This is something thats been bothering me deeply ever since it started and I wanted to pull in one of our Milbloggers over at The Fourth Rail to update DT readers on the search for the missing soldiers captured this weekend in the Triangle of Death south of Baghdad.
His sourcing is pretty good and he seems to have some info the mainstream media lacks in the coverage of this tragic and still unfolding event.
Bill Roggio reports:
The U.S has poured over 4,000 troops into the region, and are backed by an unspecified number of Iraqi Army, police and tribal allies throughout eastern Anbar and Karbala. An American military intelligence source informed us the Anbar Salvation Council has devoted assets in the region and are working tribal and insurgent contacts to develop leads in the case. "Every asset has been brought to bear in the hunt for the missing troops," according to a Multinational Forces Iraq press release, "including search dogs, trucks with speakers, unmanned aerial vehicles, law enforcement advisers, and both U.S. and Iraqi troops." Pamphlets have been dropped via air and phone tip lines have been established.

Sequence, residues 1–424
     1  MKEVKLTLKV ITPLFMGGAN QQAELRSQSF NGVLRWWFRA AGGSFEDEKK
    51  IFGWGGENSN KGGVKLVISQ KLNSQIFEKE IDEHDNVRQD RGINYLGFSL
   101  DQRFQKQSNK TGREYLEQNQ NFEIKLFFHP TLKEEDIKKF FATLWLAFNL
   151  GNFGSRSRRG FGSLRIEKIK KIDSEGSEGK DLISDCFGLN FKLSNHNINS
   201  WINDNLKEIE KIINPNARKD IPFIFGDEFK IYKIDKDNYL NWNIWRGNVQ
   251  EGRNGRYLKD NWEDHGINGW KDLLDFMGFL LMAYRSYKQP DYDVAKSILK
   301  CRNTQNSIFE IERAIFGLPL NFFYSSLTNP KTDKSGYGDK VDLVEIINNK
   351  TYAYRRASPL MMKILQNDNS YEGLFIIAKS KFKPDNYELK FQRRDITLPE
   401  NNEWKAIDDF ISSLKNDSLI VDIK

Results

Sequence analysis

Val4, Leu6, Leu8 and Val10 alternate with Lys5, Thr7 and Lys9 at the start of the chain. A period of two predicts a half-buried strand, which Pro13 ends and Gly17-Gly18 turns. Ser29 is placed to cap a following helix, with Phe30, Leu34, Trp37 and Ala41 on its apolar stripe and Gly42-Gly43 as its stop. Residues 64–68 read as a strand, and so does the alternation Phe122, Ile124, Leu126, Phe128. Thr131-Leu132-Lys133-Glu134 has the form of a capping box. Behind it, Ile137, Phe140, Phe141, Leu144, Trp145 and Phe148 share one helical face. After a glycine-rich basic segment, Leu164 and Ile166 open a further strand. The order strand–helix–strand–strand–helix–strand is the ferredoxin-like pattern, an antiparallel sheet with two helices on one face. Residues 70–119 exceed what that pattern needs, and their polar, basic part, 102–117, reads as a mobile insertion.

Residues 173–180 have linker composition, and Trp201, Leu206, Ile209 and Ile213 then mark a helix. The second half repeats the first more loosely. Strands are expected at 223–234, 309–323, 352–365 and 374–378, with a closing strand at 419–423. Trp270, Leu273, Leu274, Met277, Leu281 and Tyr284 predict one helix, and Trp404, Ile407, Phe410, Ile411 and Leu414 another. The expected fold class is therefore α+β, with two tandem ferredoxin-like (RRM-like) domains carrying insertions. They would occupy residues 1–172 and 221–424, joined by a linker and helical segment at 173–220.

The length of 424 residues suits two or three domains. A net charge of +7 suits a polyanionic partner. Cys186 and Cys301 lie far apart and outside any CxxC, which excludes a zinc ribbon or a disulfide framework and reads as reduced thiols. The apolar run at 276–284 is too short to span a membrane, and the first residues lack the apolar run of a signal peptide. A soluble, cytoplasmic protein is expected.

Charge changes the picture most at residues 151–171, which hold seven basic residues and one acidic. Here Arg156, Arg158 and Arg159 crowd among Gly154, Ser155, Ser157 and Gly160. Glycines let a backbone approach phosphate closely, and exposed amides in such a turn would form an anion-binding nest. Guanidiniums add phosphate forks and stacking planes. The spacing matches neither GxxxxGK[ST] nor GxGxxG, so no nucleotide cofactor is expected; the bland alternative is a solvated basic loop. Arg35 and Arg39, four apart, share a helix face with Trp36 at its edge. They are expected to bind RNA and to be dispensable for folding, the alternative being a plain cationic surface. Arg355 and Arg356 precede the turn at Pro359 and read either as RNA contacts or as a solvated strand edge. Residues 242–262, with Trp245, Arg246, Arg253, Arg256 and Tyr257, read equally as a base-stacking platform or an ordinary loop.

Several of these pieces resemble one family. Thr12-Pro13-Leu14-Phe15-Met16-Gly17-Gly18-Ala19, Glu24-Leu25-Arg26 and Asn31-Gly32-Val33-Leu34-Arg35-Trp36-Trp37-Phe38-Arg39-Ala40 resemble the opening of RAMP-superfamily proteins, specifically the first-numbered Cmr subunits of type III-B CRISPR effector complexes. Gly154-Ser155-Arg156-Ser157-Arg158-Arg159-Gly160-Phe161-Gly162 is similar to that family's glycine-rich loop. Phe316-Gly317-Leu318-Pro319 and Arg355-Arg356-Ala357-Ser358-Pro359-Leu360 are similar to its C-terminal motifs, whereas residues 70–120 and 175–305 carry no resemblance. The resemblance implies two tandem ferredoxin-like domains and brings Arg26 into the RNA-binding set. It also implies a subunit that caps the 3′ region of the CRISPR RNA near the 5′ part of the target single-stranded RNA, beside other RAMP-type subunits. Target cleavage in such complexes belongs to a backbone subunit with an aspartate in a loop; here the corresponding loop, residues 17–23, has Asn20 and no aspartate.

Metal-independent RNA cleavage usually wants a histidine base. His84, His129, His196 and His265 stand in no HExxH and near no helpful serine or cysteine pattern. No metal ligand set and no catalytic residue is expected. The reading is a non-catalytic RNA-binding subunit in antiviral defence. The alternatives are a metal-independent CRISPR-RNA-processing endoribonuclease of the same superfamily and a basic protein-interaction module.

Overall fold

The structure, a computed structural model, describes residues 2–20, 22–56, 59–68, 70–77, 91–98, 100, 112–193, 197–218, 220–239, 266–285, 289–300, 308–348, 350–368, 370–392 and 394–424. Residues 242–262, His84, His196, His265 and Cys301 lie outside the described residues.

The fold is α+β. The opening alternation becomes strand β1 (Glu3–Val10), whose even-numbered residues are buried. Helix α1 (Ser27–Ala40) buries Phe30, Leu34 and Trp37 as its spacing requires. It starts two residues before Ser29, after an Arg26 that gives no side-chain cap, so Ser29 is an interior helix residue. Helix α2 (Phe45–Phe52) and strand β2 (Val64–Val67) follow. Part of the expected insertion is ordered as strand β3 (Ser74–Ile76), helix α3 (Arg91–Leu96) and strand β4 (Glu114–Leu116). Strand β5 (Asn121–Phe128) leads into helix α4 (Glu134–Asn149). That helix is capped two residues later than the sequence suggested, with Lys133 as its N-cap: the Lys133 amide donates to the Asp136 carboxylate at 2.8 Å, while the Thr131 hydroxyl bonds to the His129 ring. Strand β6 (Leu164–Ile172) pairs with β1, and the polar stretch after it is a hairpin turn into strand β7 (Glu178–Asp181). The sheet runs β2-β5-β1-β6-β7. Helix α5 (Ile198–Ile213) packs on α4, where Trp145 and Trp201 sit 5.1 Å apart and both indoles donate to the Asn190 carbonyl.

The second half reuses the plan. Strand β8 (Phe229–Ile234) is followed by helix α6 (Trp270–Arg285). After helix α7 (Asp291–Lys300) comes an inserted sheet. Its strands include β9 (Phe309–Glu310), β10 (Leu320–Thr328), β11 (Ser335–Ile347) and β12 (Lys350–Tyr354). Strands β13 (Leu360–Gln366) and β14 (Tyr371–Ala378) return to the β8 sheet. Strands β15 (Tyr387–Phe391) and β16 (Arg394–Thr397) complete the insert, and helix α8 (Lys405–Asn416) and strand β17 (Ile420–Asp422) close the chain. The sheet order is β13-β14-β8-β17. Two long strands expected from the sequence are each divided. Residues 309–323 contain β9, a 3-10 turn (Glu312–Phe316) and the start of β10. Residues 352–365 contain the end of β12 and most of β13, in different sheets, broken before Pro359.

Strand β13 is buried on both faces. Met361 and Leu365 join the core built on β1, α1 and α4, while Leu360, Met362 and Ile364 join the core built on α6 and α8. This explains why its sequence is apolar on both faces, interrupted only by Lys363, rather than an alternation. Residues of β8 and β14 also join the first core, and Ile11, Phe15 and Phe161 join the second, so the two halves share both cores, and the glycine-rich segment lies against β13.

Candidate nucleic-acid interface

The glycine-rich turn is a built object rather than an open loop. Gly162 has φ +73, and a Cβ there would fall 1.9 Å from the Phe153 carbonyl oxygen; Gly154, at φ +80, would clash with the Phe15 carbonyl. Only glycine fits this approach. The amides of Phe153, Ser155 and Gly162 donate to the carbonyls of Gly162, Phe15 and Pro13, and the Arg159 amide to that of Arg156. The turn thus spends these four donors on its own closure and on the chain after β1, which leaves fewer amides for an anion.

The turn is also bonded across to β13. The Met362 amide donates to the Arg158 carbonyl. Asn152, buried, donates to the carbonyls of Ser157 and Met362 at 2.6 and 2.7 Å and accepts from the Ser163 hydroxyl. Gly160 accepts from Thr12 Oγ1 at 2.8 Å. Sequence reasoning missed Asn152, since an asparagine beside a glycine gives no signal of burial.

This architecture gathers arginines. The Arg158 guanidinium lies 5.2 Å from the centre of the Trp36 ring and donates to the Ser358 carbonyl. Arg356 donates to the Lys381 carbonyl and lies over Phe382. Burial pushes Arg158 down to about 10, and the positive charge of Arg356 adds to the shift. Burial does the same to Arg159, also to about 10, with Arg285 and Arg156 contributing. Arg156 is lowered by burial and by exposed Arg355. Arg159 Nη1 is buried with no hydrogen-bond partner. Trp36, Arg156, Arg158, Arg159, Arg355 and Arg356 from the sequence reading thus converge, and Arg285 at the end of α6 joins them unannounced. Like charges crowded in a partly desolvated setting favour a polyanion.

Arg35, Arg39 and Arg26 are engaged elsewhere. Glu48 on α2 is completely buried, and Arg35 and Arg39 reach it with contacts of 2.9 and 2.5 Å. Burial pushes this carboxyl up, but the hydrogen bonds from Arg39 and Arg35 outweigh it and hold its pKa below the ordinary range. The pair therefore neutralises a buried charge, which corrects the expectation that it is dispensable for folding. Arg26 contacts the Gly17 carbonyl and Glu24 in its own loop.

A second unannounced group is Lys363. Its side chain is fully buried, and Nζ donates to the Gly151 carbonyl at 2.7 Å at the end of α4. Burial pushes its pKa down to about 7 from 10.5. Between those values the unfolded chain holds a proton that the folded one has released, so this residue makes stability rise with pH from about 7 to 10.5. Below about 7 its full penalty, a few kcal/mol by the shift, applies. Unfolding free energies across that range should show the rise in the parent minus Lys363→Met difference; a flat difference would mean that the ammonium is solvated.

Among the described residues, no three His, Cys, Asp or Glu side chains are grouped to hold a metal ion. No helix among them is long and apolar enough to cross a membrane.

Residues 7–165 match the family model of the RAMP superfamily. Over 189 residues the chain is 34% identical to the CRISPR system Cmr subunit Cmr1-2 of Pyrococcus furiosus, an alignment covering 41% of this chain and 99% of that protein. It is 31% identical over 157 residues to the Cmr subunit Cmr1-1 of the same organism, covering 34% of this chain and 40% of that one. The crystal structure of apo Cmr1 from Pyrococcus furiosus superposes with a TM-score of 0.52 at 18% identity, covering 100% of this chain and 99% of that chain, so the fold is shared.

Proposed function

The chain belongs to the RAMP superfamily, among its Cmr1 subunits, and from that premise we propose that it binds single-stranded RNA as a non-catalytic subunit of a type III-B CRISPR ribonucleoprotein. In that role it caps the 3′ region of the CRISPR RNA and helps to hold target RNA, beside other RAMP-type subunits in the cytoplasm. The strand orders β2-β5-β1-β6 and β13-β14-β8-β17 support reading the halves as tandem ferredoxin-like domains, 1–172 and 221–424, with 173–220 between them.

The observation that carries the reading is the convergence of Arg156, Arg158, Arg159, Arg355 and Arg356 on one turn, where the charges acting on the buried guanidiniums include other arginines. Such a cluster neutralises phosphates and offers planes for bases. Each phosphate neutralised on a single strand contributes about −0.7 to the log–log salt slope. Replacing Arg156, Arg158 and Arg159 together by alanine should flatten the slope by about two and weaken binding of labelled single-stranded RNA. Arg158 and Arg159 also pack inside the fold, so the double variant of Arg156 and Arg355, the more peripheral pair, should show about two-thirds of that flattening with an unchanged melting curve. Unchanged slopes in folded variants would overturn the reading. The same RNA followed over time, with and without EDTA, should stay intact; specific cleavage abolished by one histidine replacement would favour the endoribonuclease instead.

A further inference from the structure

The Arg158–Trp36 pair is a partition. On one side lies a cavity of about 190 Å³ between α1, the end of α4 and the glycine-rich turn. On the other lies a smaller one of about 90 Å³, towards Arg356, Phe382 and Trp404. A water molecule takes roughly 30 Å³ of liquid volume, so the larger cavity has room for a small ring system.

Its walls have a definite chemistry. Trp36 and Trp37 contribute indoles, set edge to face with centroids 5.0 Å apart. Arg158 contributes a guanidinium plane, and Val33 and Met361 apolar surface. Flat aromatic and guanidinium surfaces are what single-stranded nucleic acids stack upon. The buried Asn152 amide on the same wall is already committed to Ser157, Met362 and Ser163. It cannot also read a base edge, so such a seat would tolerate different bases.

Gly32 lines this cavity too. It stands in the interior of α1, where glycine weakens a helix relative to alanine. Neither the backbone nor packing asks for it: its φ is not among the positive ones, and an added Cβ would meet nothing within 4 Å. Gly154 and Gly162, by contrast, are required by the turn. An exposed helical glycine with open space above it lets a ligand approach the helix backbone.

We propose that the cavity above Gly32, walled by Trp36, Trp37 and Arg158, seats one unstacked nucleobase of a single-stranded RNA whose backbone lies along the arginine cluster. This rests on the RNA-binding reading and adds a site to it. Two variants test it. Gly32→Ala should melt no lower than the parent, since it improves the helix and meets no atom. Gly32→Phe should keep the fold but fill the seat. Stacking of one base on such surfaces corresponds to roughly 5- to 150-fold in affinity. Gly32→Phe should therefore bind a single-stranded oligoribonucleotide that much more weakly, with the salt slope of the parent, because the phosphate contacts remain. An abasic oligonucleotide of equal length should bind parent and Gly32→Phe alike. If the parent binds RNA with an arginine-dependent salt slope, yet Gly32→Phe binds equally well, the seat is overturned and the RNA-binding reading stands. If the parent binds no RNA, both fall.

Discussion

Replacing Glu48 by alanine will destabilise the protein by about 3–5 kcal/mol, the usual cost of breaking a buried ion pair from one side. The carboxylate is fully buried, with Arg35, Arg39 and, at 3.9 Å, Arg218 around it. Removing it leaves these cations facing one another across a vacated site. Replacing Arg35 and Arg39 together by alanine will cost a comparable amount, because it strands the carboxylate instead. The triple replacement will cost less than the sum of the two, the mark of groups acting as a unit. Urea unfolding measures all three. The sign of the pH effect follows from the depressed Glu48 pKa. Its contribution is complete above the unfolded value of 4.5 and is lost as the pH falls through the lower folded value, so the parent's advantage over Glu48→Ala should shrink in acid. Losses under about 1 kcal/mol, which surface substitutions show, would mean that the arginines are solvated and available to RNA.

While it was initially thought the al Qaeda assault and kidnap element would move the captured soldiers from the Mahmudiyah region into the desert expanses in eastern Anbar province, where al Qaeda maintains a base of support, the al Qaeda team appears to have stayed in the farming regions just south of Baghdad. Either al Qaeda never planned to move the soldiers far from the capture point, or the cordon was established quickly enough to have trapped the terrorists in the box. The U.S. and Iraqi security forces maintain a network of forward outposts in Mahmudiyah, Yusifiyah and Sadr al Yusifiyah which would make safe transit through these regions difficult.
Yusifiyah has been an al Qaeda stronghold in the past. Task Force 145 fought pitched battles against al Qaeda in the winter and spring of 2006, and nearly captured Abu Musab al Zarqawi before he was killed in Baqubah in June.
Al Qaeda in Iraq mocked the U.S. efforts to recover their soldiers, and stated the efforts may in fact endanger their lives. While al Qaeda has claimed it has captured the soldiers, it has yet to release photographs, video or audio to support the claim.
Al Qaeda will want to broadcast footage of the captured soldiers both to demoralize the U.S. public and to reap the rewards of a major propaganda coup. The U.S. will likely have Internet access locked down in the region to prevent the tape from being transmitted digitally, but an individual courier should eventually be able to slip the cordon. If the kidnap cell did not bring its own recording equipment, it will either push to a safe house to make the recording, or a team will press to reach it. Either act can lead to exposing the location of the soldiers. But their chances of survival decreases as soon as the tape is made.
Lets keep our fingers crossed that these boys are found before it comes to all that.